cowboycore/westerncore: This one’s pretty self-explanatory, comprising your standard cowboy hats and boots, fringe jackets and denim everything. You get it.
craftcore: Clothing within this sustainability-fueled aesthetic suggests that you either made it yourself (even if you didn’t) or spend much of your time crafting — quilt jackets, crochet, knits embroidered with colorful nature items (animals, bugs, flowers), aprons, excessive pockets, brands like Bode and Dauphinette.
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fairycore: It’s a soft, mythology-meets-nature aesthetic featuring elfin details, wings, butterflies, shimmery makeup, long braids, flower crowns, fingerless gloves, corsets and puff-sleeve dresses.
fetishcore: Latex-obsessed Julia Fox comes to mind with this aesthetic, rooted in dominatrix gear: whips, chains, chokers and tight, shiny fabric.
goblincore: Sort of an “ugly” counterpart to fairycore, this is also rooted in nature and mythology, but clothes and accessories tend to look a bit tattered and clashed — in mucky, earthy colors like brown and dark green.
gorpcore: Another OG aesthetic, gorpcore entered the lexicon not long after normcore to describe functional outdoor gear styled in cool ways, from brands like Patagonia, Arc’teryx, The North Face and Salomon.
gothcore: This is a modernization of the goth look popularized by middle-school boys in the early 2000s, with their black clothes, PVC/Vinyl clothing, chains, dark eye makeup, chokers and band T-shirts.
kidcore/babycore: It’s a nostalgic, regressive aesthetic inspired by early childhood motifs. Primary colors, light-up sneakers, overalls, stickers, stuffed animals and friendship bracelets are among its hallmarks.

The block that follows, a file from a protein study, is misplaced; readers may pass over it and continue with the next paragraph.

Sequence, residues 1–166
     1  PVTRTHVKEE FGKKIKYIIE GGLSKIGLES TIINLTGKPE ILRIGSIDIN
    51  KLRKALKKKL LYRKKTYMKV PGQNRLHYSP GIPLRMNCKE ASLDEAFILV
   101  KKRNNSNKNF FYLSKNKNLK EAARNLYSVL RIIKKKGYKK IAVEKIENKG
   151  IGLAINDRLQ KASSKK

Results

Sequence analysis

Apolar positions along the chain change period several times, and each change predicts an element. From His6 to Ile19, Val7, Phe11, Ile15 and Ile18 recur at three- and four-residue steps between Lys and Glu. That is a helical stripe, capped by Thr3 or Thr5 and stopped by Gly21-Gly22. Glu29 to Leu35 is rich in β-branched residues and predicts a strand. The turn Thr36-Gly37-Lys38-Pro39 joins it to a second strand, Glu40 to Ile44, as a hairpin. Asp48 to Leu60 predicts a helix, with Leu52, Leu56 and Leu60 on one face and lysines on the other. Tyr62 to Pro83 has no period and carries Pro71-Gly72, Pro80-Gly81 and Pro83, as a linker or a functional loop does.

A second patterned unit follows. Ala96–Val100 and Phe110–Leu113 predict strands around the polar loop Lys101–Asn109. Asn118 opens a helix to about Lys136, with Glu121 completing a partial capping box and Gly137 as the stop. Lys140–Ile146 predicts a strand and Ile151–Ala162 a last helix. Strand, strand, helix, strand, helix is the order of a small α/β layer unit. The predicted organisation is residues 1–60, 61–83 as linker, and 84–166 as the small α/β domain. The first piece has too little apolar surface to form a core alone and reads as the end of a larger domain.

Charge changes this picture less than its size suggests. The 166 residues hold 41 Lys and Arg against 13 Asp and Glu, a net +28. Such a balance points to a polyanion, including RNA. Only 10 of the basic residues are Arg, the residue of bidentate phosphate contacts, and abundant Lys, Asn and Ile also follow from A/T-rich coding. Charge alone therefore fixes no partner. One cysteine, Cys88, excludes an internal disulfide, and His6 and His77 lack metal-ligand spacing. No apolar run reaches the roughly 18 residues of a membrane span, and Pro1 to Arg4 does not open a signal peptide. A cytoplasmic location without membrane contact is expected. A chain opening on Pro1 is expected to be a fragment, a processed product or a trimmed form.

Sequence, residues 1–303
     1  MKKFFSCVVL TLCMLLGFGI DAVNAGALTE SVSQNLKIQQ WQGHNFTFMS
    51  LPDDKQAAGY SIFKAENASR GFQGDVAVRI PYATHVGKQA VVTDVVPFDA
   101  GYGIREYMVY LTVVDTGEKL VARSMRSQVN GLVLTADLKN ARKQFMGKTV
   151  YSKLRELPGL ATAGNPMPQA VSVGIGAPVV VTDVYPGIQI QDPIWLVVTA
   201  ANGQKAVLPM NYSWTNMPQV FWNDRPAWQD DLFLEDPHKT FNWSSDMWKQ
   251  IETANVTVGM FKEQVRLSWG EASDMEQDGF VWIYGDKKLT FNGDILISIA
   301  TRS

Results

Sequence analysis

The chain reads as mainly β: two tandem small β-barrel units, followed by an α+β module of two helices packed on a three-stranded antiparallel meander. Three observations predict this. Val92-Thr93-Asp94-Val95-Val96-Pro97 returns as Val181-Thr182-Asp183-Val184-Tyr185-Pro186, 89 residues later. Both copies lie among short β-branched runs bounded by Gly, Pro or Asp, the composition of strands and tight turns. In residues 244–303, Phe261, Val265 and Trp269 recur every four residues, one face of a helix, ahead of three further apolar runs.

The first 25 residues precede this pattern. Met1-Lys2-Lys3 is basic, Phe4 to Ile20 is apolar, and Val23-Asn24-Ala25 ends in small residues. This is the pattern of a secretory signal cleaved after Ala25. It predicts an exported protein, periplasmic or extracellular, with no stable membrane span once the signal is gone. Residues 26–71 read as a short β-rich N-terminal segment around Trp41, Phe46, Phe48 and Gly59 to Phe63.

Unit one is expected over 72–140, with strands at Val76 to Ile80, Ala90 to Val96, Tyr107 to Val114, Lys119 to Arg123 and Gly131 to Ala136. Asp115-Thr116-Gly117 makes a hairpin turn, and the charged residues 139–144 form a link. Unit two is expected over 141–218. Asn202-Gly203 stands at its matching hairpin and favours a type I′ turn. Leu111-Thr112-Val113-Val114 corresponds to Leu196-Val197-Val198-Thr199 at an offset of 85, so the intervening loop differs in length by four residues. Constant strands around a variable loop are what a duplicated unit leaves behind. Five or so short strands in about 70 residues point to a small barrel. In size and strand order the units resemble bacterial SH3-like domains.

lovecore: This is an aesthetic where every day is Valentine’s Day. Pinks, reds, hearts, lips and cupid motifs are involved, as are lingerie and lingerie-inspired details like silk and lace.
normcore: The core of all fashion -cores! Millennials created a monster when we started using this term to describe a preference for unassuming, vibeless clothing that eschews trends. The uniform-like look is associated with “Seinfeld,” dad sneakers, baseball caps, Birkenstocks, fanny packs and simple wardrobe basics.
royalcore (see also: regencycore, victoriancore, knightcore): Encompassing all things European royalty, this aesthetic has been fueled by period media like “Marie Antoinette,” “The Crown,” “The Great” and “Bridgerton.” It’s defined by opulent colors and materials and frilly, pre-20th century silhouettes: nipped-in waists and full skirts featuring ruffles, bows and other romantic details. There are many sub-categories of this aesthetic including princesscore, queencore and knightcore — the latter featuring tougher details like chainmail and armor-like shapes.
vacationcore (see also: Europecore, Italycore): Stemming from our universal inclination to share vacation pics online and thus curate outfits for this documentation, vacationcore no longer requires a plane ticket. Just dress like you’re traipsing through northern Italy or the South of France without having to deal with flight delays, jet lag or contagious viruses.